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MARGINALIA

Thermophiles in Kamchatka

Roald Hoffmann

Some Like It Hot

Our group is an international one, nearly all microbiologists here for a small workshop on the enzymology, molecular biology and biochemistry of thermophiles such as live in these springs. A graduate student in the group sticks in a probe with a thermometer, another a piece of pH paper. The water is bubbling up at 95 degrees Celsius. The pH is 1, about 0.1 molar of sulfuric acid. I would not immerse my finger in that water even if it were cool. Two weeks later, far away, a Yellowstone Park employee dies in an accident, stumbling into a similar boiling pool.

Figure 1. Hot hydrothermal poolsClick to Enlarge Image

Now I know what a thermophile likes. The world's record is an organism called Pyrolobus fumarii that flourishes at 113 degrees Celsius (under pressure, at sea bottom). The pools in Kamchatka are not only acidic, but also basic, up to pH 10.5. When I see life rampant under such conditions, or plants growing in what was lava weeks after an eruption, I can't help thinking that the variegated surface of Mars once bore life too.

In the course of the week, I learn a lot about thermophiles. They are some bacteria and mostly Archaea, the third kingdom of life recognized only in recent decades. Most are anaerobic, not requiring (and sometimes damaged by) oxygen. They are the same and not the same. Of course they have membranes and proteins and nucleic acids, all the wondrous molecular machines of the living. But a normal lipid cell wall would decompose at these temperatures, the hydrogen-bonded helices of proteins would unwind, the genes would fragment and not be faithfully reproduced. An acid and hot environment is what people normally use to denature proteins; these creatures love it.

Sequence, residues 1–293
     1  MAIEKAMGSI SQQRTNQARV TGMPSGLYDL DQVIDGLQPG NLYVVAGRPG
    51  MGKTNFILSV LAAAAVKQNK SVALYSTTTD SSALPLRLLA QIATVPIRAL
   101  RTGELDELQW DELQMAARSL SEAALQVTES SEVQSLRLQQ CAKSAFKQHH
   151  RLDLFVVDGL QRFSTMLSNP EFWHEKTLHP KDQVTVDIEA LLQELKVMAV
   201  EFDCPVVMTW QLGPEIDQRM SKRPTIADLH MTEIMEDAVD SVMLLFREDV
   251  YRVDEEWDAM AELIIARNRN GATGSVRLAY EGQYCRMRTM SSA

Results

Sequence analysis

So they are different. Their lipids are linked by sturdier ether groupings instead of esters. Thus bonded, lipid chains span the entire membrane of the cell to form a monolayer wall. The proteins of thermophiles appear to be reinforced by special sequences of amino acids, and have increased ion-pair content buried inside the protein, which, it has been argued, leads to greater intrinsic stability. A better pH environment is maintained inside the cell. Auxiliary cell components, such as polyamines and small basic proteins that resemble histones in eukaryotic chromosomes, seem to stabilize nucleic acids.




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